Some people hit up the mayor to fix potholes when they meet him. Others, like a woman in her 80s, ask questions that momentarily flummoxes him. “She asked me, ‘What are you going to do about the tumbleweed problem?’ ” He had to confess, “I don’t recall seeing any, but now I’m on the lookout for tumbleweeds.”
Of course, he says, he always agrees it would be nice for the city to pay for certain things. “But the city can’t pay for everything. That’s why we need this discussion. How do we get the most money? By encouraging more business.”
Recently he met with a group of car dealers to ask for ideas on how to create a “black Friday buzz” to get people to buy in Escondido. “Why do people come to Escondido? Because there is something exciting going on,” says McNamara. “Alex MacLachlan [president of the Downtown Business Association] wants to put on a music festival. We are on the verge of a major demographic change. We have the most affordable housing in the County. We should be looking at our businesses to meet the needs of that younger demographic with children.”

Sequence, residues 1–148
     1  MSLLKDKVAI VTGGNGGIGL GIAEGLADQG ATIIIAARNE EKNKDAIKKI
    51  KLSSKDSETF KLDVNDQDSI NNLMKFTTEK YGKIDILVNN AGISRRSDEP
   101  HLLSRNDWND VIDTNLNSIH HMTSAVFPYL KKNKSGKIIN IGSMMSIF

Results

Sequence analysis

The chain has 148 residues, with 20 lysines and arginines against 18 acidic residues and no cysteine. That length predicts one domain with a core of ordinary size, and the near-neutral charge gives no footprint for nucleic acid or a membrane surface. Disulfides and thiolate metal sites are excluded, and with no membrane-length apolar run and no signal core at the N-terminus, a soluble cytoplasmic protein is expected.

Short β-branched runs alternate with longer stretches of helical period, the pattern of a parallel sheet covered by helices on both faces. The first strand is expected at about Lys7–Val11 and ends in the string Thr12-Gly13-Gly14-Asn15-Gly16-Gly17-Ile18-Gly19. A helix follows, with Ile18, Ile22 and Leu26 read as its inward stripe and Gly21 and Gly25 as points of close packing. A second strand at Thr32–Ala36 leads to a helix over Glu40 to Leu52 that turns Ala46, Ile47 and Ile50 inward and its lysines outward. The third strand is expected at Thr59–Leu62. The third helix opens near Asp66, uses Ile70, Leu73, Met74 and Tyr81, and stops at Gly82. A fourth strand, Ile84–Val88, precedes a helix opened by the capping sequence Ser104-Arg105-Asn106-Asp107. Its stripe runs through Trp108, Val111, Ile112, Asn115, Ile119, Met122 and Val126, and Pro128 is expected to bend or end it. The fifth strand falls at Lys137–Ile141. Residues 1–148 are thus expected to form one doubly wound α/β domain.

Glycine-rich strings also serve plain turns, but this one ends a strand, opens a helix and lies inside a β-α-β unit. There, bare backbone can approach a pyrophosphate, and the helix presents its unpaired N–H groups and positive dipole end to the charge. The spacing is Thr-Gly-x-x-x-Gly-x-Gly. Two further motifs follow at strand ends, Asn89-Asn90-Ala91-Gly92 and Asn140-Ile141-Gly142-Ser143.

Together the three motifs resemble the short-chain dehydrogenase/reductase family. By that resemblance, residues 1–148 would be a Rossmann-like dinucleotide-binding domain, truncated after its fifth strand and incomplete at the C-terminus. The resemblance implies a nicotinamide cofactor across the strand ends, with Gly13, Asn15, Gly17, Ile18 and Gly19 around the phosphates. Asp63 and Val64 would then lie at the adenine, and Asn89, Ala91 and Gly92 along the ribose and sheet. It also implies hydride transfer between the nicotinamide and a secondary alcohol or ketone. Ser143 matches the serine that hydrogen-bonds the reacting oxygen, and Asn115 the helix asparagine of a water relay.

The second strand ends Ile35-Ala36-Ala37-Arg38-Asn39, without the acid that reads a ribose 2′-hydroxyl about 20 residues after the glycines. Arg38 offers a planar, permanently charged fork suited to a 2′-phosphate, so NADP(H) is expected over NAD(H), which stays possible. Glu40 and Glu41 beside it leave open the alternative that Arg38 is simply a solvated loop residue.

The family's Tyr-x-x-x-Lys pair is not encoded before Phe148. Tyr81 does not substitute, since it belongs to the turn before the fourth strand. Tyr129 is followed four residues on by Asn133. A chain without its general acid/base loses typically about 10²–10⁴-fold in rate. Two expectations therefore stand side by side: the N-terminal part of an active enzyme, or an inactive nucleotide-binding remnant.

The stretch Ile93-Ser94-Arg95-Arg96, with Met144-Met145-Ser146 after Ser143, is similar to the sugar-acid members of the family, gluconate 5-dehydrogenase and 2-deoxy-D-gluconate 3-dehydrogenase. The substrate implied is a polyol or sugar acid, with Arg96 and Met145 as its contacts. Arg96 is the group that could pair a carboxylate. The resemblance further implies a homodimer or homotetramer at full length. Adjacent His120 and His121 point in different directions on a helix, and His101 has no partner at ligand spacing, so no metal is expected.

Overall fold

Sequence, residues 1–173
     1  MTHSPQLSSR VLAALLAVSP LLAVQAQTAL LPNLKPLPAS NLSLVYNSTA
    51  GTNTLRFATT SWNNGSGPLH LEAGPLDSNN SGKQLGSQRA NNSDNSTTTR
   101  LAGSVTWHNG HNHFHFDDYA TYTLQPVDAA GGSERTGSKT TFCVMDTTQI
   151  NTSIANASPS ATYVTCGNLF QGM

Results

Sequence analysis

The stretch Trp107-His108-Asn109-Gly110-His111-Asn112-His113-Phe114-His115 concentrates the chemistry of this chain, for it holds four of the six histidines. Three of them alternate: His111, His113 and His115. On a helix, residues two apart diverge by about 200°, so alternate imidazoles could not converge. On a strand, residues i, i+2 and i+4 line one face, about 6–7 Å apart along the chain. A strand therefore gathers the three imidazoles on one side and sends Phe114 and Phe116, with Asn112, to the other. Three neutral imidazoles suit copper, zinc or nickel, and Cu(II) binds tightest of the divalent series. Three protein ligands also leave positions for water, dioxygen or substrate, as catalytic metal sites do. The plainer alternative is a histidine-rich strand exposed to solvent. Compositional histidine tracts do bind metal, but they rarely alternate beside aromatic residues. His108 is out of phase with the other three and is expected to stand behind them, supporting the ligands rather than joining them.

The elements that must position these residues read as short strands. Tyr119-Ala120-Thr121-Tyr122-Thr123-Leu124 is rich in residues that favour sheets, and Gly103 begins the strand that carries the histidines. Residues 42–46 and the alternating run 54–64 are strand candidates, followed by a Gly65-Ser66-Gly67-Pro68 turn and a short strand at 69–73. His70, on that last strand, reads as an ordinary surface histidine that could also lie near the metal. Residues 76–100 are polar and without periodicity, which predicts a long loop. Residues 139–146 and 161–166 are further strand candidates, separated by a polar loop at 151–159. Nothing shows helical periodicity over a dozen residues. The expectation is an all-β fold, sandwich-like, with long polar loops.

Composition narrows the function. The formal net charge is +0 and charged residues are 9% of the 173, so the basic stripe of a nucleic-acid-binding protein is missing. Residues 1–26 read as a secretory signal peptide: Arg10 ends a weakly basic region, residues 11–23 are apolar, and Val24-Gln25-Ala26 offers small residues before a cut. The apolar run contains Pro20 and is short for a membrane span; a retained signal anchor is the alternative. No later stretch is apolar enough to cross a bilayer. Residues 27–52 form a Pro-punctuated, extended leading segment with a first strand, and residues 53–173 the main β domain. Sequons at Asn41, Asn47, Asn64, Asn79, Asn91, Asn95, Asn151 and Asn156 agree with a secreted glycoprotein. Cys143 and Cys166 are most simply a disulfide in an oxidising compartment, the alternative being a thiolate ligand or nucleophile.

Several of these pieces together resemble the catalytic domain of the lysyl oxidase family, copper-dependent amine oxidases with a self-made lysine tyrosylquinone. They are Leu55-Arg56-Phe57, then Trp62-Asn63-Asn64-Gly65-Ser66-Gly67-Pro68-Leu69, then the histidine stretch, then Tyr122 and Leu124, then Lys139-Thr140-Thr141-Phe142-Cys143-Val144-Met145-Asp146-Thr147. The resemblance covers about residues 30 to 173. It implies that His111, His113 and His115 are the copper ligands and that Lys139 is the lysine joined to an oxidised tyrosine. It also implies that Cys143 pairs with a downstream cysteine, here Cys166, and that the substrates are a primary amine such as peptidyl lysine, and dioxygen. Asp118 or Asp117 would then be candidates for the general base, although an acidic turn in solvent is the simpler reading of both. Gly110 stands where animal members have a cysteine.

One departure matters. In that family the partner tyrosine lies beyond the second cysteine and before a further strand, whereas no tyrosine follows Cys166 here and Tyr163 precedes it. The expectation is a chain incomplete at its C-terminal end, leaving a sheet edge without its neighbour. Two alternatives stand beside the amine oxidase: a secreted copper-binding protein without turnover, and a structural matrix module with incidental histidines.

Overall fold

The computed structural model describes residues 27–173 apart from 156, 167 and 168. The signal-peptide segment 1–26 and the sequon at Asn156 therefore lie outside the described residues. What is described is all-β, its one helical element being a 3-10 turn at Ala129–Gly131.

Declaring that the mayor is a “non-partisan” office, he said, “I ask you to keep state issues in Sacramento and national issues in D.C. I don’t really care what your party is, I want to hear from you. I’m serious. You have my email. I’ll talk to anybody. If you want to talk to me, I’ll set up a time.”
McNamara took written questions that had been submitted ahead of time. The first asked his number one goal. He repeated: “Business development. We have focused on development, now we should focus on business development.”
He relayed a recent conversation he had with the CEO of Palomar Health, the second largest employer in the city, which, he asserted, hasn’t gotten much attention from the city in the past. Such as, for instance, encouraging businesses to locate here that would serve some of the needs of the hospital. “What other good businesses can we bring to Escondido?” he said.